In a message dated Tue, 3 Oct 2000 5:33:34 PM Eastern Daylight Time, James Baird <jlbaird3 at yahoo.com> writes:
<< > In the 60's in the case of Terry that Justin
> mentioned, the Supreme Court held that an officer
> who had stopped and frisked someone for a gun did
> not violate the Constitutional requirement , even
> though the officer only had a reasonable suspicion
> that the person had a gun and not full probable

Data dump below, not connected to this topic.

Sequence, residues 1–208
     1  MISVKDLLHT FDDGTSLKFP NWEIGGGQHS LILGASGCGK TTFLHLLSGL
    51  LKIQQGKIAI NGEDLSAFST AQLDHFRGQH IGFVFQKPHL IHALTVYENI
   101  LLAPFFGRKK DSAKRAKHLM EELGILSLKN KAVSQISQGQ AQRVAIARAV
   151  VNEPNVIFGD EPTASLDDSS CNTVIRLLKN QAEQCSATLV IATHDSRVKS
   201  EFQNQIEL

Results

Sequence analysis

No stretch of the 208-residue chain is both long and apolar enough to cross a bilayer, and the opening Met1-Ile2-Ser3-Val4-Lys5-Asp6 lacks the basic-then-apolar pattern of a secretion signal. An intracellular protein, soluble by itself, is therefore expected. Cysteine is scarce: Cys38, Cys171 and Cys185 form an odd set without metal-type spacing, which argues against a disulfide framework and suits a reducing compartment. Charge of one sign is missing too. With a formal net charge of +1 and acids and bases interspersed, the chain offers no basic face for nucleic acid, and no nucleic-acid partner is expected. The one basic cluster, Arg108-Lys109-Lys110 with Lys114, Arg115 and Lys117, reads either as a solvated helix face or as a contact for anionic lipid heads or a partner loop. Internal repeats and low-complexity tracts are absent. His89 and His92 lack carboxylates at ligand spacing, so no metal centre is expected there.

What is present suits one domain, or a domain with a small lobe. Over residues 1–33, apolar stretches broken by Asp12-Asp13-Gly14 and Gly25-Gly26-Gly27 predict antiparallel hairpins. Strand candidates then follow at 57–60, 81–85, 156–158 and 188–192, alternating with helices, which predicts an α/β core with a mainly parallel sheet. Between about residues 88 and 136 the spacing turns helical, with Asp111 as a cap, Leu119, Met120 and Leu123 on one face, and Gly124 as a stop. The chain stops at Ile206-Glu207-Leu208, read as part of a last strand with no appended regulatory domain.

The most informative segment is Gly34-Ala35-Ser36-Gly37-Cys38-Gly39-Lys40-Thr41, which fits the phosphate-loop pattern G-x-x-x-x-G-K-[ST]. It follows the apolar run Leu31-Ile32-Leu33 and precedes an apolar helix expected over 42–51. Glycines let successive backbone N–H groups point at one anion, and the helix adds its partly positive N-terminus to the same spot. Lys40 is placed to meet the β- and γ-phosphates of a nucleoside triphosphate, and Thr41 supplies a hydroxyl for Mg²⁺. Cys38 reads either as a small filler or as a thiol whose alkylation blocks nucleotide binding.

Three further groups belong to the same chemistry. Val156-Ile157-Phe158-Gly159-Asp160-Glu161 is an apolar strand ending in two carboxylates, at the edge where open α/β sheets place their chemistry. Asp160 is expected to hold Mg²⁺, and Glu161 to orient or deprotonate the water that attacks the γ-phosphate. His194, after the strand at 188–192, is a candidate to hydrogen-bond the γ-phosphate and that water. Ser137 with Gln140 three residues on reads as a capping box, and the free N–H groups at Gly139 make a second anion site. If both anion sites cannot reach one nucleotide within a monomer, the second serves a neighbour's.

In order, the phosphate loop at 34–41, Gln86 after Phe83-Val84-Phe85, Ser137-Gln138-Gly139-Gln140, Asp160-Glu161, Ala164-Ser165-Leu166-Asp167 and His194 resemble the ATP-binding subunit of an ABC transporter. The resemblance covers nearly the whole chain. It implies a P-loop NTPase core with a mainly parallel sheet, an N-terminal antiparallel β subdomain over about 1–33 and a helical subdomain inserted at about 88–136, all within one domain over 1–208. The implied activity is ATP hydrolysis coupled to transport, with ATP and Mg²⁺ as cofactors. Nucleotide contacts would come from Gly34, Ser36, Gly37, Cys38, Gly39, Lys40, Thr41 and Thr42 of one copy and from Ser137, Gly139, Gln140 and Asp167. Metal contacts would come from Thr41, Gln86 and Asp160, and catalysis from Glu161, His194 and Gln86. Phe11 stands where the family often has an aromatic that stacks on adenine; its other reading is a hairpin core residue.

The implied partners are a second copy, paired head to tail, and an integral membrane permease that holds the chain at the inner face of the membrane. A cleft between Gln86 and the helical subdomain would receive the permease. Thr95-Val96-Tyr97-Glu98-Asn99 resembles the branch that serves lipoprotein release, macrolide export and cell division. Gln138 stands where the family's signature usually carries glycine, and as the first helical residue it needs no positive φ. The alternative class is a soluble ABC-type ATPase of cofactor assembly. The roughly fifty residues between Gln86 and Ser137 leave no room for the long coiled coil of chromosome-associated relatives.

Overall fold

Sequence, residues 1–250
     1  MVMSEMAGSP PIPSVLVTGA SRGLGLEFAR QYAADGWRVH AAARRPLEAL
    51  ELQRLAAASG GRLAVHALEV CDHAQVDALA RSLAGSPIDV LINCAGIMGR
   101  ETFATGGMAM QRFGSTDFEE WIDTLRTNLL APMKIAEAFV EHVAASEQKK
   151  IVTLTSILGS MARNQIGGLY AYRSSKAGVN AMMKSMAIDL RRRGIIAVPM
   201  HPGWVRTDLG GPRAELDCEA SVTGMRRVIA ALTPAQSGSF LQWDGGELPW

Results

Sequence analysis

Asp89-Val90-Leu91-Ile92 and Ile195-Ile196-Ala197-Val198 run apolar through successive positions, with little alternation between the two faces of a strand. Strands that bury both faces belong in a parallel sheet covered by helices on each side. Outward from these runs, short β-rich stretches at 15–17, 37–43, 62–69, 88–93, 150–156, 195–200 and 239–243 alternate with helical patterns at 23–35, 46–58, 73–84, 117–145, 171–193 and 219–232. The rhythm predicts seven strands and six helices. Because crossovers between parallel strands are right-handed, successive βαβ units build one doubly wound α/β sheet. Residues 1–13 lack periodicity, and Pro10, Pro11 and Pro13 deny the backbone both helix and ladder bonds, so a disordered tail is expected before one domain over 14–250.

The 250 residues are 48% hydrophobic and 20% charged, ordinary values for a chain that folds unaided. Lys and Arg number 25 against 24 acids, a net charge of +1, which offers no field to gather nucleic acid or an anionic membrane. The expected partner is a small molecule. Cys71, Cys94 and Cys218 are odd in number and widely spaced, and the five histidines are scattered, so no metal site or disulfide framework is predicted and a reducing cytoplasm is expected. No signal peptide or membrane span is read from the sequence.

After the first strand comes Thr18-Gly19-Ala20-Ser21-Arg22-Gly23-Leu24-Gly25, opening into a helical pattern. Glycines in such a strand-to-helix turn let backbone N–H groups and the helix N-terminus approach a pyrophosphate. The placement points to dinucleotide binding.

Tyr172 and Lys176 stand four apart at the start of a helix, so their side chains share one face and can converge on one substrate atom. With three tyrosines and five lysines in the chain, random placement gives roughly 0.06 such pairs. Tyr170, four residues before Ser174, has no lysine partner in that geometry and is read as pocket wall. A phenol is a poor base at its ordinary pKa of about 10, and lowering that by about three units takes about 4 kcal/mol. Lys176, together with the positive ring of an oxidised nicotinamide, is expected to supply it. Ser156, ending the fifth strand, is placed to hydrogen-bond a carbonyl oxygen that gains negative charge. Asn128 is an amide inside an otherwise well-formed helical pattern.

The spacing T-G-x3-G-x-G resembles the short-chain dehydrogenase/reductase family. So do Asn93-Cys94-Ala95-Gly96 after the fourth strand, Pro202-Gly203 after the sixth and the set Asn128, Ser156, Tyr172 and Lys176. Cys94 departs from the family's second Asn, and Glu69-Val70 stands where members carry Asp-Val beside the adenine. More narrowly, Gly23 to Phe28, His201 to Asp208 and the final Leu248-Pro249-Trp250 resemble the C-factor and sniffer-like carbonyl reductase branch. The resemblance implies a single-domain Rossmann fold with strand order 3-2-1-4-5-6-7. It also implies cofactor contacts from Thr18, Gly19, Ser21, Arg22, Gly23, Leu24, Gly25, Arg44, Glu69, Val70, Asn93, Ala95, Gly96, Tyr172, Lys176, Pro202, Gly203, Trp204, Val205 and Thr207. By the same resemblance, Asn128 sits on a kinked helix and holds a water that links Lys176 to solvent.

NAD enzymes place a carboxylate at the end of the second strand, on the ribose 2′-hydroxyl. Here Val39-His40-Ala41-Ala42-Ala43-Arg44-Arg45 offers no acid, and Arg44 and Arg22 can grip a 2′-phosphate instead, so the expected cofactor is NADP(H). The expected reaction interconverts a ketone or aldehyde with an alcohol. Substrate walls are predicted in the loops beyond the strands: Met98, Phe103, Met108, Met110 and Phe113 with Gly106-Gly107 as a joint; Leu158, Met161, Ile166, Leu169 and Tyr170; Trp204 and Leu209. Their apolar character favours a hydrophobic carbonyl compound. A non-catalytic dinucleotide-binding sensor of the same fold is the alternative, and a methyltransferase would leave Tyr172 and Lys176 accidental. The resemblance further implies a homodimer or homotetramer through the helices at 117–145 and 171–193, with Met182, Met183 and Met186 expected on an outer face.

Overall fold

> They are word formulas, giving something of an
> illusion of objectivity, as the basis of standards
> of conduct.
Doesn't it have something to do with the invasiveness of the search, i.e. a pat-down only needs "reasonable suspicion" while going through the pockets requires "probable cause"?
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